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Kettlebell Tips to learn kb clean

Halfakneecap

Level 5 Valued Member
So, I’m trying to learn the kb clean. I have a barbell, and while I haven’t spent a lot of time with it, the barbell seems a lot more smooth/natural. The kB, wow, I’m hopeless haha. Right side ( I’m right handed ) feels ok, but my left hand side it just feels odd, no timing etc. I’ve been trying gunslinger swings, but I’m even hopeless at those haha. I’ve got “Enter the Kettlebell “ which explains the movement but do you guys have any cues you use ? Or regressions to learn the movement?
 

Steve W.

Level 8 Valued Member
There are a lot of fine points to the clean. I actually think the one-arm clean is harder to learn than the double clean.

If I had to choose two key cues for the clean, they would be:​
  1. Keep the upper arm in tight. Your want to keep the bell in close, not swing it out away from you on the upswing or cast it out away from you on the drop. So keep that elbow locked down to your torso. This also facilitates power transfer from the bell to the hips and vice versa.
  2. On the upswing, keep the arm straight as long as possible. The tendency is to pull with the arm, but this wastes a lot of power and will tend to get the bell swinging out in front. As I extend my hips, I think "Arm down!" It's a little counterintuitive because you are thinking arm down when your intention is to get the bell up. But there's a saying in Olympic weightlifting: "When the arms bend, the power ends." So you want to keep those arms down and straight as long as possible. I also think "Long arms!" to remind myself to keep the arm straight (or arms in double cleans), or "Chains!" to remind myself to think of my arms as chains just connecting my shoulders to the bell, and to not actively pull with my arms.
As your hips fully extend and the bell starts to float up, keep the upper arm pinned down and allow your elbow to bend along with the bell. Don't pull, just let the bell float up and passively bend your elbow with it. Think of the rhythm as arm down, float, catch. Get your hand under the bell while it's floating and just catch it in the rack. If I just think "float and catch," I don't have to worry about what my arm is doing. it just happens because I'm not guiding or exerting any force on the bell. I'm just quickly getting my hand into the catch position while the bell is floating weightless.​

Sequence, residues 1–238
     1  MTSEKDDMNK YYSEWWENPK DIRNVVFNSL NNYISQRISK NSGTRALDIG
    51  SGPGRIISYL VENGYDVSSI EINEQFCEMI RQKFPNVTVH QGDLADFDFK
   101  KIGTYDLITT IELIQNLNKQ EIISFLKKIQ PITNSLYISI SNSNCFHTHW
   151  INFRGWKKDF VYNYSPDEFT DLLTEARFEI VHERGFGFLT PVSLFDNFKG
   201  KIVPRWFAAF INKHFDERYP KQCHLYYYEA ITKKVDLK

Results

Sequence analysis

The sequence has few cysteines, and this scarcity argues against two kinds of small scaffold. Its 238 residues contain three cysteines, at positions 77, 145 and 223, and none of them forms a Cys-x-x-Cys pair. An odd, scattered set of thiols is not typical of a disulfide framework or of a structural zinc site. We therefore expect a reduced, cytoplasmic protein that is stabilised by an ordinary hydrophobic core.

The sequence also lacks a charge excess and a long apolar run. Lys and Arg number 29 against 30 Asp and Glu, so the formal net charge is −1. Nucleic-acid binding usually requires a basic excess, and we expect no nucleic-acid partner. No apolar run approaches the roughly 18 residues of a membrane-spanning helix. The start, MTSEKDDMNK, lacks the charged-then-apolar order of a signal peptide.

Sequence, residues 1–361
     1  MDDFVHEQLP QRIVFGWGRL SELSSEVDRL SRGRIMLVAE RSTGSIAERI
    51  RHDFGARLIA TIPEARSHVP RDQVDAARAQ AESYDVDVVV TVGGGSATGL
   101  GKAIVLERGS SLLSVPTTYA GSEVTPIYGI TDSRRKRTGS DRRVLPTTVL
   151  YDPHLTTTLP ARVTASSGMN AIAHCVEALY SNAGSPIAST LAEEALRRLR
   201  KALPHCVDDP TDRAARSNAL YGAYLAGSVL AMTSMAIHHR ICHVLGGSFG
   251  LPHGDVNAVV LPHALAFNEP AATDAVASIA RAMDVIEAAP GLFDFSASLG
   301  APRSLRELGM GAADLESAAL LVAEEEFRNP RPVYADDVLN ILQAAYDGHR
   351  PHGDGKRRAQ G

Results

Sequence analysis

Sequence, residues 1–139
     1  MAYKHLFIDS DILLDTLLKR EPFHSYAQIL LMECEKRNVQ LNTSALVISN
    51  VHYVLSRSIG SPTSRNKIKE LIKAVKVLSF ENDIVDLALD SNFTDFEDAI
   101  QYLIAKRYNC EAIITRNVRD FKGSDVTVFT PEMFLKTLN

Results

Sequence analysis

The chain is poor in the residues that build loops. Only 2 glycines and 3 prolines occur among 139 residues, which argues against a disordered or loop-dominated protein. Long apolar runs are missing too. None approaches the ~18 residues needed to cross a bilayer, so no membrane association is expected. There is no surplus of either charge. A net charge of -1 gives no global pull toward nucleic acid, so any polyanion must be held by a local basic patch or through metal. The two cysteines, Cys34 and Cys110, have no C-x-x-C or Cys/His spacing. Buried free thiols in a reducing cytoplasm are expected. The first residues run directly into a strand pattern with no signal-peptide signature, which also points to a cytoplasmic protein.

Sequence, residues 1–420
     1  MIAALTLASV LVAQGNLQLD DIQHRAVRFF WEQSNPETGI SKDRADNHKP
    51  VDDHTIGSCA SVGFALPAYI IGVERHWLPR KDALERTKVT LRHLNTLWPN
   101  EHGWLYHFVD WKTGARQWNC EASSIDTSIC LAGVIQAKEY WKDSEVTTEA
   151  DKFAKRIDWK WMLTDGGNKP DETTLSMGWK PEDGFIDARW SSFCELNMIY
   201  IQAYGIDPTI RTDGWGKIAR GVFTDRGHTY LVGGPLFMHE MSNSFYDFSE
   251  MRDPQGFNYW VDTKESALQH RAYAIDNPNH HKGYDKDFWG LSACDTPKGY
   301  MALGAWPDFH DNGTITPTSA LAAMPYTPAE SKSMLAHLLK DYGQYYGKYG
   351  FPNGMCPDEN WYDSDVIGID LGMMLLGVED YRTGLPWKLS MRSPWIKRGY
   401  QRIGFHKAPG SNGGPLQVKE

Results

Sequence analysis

Halfakneecap

Level 5 Valued Member
Cheers guys, much appreciated. I have watched lots of videos but I still seem to get it wrong. A kb coach would be good though I think the closest is 90 mins away.

I will try the above cues and see how I go.

I tried a double kb clean, it seemed a lot more smooth doing them together but I still have plenty of things to practice.
 

solarbear

Level 5 Valued Member
In the Strong videos, Neupert teaches this really well. The tip that helped me was the idea of a 'Jersey chest.'

Stick your chest out start and with it stuck out at the bottom when you lift the weight off the ground. Finish with it stuck out at the top. I am a bit wide so I just tuck my upper arm into my lats and then stand up with my chest out. Sounds simple but it works.

I can recommend the Strong videos for learning the double kb lifts. Helped me tremendously. The couple of programs in the book that everyone talks about, Strong 1 2 3 and the One, are just icing on the cake.
 

Mark Limbaga

Level 8 Valued Member
Elite Certified Instructor
Cheers guys, much appreciated. I have watched lots of videos but I still seem to get it wrong. A kb coach would be good though I think the closest is 90 mins away.

I will try the above cues and see how I go.

I tried a double kb clean, it seemed a lot more smooth doing them together but I still have plenty of things to practice.

Given that distance is an issue, the next option is to schedule a virtual session.

I can say that it works. I've seen someone go from hobbyist to SFG instructor using virtual training with a coach
 

Halfakneecap

Level 5 Valued Member
I have been doing dead stop cleans, as part of Strength Aerobics. I’m not sure if it’s the reasonably high amount of reps, or I’ve just gotten used to it, but I’ve gone back to trying them from a swing, not continuously, re setting every time but it seemed to go well this morning. I also went up to a 24. I find a little extra weight also helps to feel the movement, a lot like a barbell clean I suppose.

Some great tips here, much thanks everyone, it’s slowly coming together
 

DannyHoj

Level 2 Valued Member
Certified Instructor
One tip that I saw work well when I attended a recent SFG - start with the bell on the ground and slightly behind your heels. From there perform a dead clean (no backswing) and return the bell to the ground. With the bell starting on the ground and a bit behind you it forces you to keep your arm tight to the body.

As others have mentioned, an online SFG coach would also be able to help.

Good luck!
 
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